Role Model Pilot is known for both Safety and Service; it’s possible & positive

role model pilot
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A Role Model Pilot

A proper accounting of an airplane’s safety includes mechanics, dispatchers, ground crew and the pilots who fly the plane. The list intentionally overlooked the cabin crew; because passengers and regulators frequently do not mention the flight attendants’ safety service. Thus, their essential role in this risk-reducing effort has been championed here. The list of their contributions to safety has drawn specific note.

On the other hand, the roles of pilot-in-charge and the second-in-charge have been heralded so much that their flaws make more news than their predominantly impeccable performance.

Like the stereotype of the flight attendant whose perceived role is customer service and the safety function is diminished, the pilot’s contribution to flight is seen as the person manipulating the controls while her/his ability to enhance the total passenger experience is often ignored.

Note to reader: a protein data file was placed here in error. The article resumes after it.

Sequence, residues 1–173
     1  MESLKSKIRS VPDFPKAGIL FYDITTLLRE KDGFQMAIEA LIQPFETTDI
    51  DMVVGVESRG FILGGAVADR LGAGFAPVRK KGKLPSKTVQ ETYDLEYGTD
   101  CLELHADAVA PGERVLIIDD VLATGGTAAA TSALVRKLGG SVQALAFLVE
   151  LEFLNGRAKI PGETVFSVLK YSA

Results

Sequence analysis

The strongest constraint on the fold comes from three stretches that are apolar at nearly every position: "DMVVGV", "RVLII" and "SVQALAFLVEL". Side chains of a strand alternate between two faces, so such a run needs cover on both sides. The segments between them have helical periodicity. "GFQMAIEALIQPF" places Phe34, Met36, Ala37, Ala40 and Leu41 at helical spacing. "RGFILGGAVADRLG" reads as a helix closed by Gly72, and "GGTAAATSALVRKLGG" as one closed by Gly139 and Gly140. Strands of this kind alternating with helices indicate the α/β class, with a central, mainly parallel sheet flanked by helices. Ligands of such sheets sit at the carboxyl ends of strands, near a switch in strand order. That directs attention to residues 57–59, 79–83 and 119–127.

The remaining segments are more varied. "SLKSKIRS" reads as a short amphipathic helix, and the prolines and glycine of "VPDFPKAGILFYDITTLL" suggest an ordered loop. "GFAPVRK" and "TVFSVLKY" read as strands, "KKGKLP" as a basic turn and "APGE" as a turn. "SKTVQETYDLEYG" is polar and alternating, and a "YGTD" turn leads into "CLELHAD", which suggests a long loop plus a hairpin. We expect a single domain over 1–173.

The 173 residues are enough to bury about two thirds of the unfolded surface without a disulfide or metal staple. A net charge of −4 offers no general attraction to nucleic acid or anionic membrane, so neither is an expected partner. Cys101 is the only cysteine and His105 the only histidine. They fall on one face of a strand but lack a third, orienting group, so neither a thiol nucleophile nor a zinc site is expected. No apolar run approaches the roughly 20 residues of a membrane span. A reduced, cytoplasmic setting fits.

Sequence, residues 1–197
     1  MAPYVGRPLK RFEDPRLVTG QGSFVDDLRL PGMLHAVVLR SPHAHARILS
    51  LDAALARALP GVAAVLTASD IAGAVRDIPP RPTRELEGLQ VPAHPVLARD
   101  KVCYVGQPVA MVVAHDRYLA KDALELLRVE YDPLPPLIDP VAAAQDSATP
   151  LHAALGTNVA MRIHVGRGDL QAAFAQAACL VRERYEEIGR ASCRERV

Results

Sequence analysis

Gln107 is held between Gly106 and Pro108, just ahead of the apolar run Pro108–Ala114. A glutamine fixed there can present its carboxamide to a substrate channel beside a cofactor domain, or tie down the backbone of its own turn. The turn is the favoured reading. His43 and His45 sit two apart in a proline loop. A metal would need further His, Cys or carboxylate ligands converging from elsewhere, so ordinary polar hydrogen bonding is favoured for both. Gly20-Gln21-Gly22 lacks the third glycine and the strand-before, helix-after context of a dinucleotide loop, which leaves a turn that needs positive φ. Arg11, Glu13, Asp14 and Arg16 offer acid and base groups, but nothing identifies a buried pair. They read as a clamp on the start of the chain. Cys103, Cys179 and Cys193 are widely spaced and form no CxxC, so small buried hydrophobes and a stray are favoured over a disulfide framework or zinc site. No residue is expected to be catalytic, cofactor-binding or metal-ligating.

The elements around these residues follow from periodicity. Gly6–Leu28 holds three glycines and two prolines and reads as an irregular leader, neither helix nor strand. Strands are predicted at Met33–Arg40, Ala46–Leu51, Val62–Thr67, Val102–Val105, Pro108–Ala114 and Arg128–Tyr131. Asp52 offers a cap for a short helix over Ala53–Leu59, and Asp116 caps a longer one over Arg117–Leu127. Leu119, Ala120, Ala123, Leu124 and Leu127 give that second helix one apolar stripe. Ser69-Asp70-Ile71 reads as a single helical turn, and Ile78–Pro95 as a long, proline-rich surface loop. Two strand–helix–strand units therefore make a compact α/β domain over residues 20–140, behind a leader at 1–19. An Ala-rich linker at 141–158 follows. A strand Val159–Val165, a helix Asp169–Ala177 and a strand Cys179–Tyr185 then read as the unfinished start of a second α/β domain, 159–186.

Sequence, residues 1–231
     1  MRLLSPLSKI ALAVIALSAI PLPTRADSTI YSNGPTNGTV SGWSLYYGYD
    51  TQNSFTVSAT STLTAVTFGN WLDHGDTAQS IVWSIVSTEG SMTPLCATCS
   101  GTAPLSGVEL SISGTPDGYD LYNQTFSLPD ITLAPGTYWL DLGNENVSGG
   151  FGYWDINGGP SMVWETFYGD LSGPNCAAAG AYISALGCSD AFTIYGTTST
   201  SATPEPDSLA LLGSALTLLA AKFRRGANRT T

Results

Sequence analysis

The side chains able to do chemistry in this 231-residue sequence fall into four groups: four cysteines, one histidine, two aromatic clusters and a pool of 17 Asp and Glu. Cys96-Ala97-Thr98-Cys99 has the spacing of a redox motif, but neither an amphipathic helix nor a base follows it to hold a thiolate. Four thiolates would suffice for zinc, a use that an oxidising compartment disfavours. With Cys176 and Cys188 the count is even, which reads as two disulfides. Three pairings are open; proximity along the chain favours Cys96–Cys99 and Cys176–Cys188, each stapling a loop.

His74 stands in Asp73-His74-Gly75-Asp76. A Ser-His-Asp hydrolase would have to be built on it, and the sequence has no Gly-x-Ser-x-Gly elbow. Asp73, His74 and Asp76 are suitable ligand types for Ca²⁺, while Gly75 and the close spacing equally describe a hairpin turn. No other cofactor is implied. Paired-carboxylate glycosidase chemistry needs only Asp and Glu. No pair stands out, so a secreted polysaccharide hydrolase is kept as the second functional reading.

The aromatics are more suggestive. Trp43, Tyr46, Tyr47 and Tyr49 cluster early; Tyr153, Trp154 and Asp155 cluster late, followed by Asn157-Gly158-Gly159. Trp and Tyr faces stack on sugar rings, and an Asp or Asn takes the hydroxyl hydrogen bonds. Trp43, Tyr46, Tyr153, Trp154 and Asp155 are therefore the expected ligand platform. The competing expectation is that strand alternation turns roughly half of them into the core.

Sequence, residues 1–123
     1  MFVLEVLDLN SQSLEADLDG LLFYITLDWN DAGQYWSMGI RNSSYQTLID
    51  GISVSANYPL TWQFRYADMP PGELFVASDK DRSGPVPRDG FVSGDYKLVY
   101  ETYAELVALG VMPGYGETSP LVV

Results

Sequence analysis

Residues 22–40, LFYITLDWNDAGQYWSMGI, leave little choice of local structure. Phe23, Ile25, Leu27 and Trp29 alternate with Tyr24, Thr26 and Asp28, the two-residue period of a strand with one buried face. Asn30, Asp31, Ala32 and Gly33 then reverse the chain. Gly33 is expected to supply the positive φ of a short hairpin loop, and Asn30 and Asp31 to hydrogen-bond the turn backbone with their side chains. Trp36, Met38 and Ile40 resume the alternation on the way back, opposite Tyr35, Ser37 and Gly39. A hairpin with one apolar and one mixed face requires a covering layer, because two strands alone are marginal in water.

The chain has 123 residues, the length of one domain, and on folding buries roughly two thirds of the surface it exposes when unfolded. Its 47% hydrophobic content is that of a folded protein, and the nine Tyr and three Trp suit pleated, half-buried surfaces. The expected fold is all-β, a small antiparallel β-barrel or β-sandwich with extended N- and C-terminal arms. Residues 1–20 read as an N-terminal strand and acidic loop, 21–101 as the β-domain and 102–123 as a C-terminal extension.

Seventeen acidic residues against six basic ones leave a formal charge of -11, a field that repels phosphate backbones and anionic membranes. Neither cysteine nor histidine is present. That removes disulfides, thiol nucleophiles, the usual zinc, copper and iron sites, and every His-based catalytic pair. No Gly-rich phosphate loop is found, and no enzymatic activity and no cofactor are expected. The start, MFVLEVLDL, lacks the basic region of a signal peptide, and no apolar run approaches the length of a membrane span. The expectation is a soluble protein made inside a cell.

The below story about Captain Denny Flanagan shows that a fully successful job performance in front of a plane can include more attention to the folks in the back, who pay for the flight.  

This brief article by his employer commemorates the Captain’s last flight with a story about an encounter 7 years before between the PIC and this 10 year old boy. Upon learning about the retirement of his inspiration, who took the time to make a career as a pilot a reality, Robert Loesch wrote this letter to his hero/role model:

Hello Captain Flanagan!